Thanks for all your support and votes.
Hi, I'm Judy Eakin, the executive director of HEARTH. We provide supportive services in transitional housing to homeless women with children who have experienced homelessness, domestic violence, or other trauma. We support them while they work to become economically self-sufficient so that they can take care of their children. We'd love to show you all the programs and services we provide.
The Food Pantry. Building wide Wi-Fi and computer resources. The HEARTH store, where client's use earned points to purchase everyday necessities. Recreational opportunities for all children, from toddlers through teens and a community garden. Case Management services. The New Life, New Look clothing closet. Early Head Start Classroom.
Vote for HEARTH and you can stop the cycles of abuse and poverty. Go to aetnavoicesofhealth.com now to vote for HEARTH
HEARTH is a facility-based transitional housing program for homeless women with children in Allegheny County, PA
Vision: Every family and individual lives in safe, affordable housing.
Mission: To provide a range of supportive services and housing that empowers homeless families, who are survivors of domestic violence or other trauma to become independent, self-sufficient, and adequately housed; to foster low income housing opportunities to prevent homelessness and encourage safe, affordable housing.HEARTH - Homelessness Ends with Advocacy, Resources, Training and Housing
HEARTH was started in 1995 by a group of dedicated volunteers in the North Hills that saw a need for housing for homeless women with children. They raised one million dollars to renovate the former St. Benedict's Academy in Ross Township into 15 self-contained apartments for families in need!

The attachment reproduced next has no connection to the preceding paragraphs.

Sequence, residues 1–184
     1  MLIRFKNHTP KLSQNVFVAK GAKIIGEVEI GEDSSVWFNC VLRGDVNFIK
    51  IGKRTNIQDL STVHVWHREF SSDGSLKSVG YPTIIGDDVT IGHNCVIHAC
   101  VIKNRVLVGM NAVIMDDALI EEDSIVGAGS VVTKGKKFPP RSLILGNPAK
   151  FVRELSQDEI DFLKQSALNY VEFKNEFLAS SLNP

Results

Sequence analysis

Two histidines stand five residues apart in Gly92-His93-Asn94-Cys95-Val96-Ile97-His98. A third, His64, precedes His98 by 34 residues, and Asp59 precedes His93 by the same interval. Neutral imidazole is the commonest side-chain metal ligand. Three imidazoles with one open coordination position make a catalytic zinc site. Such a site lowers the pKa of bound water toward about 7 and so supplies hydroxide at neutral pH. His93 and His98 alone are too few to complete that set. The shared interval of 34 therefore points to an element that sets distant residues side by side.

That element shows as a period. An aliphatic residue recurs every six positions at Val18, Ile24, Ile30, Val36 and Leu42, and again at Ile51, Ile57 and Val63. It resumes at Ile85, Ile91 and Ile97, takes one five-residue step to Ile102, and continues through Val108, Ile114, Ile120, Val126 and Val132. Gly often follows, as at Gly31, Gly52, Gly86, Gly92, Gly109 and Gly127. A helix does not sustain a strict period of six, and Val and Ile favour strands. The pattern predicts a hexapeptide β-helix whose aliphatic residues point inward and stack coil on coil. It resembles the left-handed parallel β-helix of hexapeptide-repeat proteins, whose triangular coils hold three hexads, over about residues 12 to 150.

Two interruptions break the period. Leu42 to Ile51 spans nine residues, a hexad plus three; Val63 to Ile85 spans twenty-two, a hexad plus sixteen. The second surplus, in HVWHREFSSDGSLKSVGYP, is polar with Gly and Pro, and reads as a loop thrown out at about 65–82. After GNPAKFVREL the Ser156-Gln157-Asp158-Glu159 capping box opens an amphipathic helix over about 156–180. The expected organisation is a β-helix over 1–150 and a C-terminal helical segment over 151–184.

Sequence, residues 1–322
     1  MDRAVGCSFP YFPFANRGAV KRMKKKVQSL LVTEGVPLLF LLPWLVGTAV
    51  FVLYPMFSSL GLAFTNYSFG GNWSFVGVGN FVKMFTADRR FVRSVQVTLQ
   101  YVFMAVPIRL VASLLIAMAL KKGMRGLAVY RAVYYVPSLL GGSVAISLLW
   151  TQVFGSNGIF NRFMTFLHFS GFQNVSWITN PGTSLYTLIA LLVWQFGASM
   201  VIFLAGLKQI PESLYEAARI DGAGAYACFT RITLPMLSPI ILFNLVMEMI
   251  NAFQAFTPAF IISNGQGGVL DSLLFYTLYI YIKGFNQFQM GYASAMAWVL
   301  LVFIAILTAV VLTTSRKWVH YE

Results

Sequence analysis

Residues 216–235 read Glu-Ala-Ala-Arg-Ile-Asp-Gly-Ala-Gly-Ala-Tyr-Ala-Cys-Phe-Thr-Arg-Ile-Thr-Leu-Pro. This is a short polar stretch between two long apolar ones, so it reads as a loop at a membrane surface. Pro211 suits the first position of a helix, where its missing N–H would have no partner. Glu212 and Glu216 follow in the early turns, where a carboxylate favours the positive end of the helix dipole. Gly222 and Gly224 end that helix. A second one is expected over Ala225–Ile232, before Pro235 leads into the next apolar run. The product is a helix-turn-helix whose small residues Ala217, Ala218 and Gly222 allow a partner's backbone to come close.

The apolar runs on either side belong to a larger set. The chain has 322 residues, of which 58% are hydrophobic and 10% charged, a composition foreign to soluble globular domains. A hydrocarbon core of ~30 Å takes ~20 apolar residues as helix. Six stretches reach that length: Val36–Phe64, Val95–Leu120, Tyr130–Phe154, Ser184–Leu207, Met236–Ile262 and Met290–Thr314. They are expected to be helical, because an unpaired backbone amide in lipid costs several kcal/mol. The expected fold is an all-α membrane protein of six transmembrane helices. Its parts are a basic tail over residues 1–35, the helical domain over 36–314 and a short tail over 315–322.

Shortly after the organization opened its doors, it became apparent that most of the 15 families the agency was serving were coming from domestic violence situations. Now twenty - four years later the agency recognizes that domestic violence is the most common cause of homelessness for the families at HEARTH and has clarified its mission specifically to serve this vulnerable population.
In 2011 the Benedictine Sisters sold their property thus ending HEARTH's lease. The sale forced the agency into temporary quarters for approximately 24 months until a new location could be found. Now in a renovated larger facility the organization continues to serve families through a facility-based transitional housing program. The facility includes 20 self-contained apartments, a food pantry, clothing closet, building wide Wi-Fi and computer lab, one on one case management services and so much more.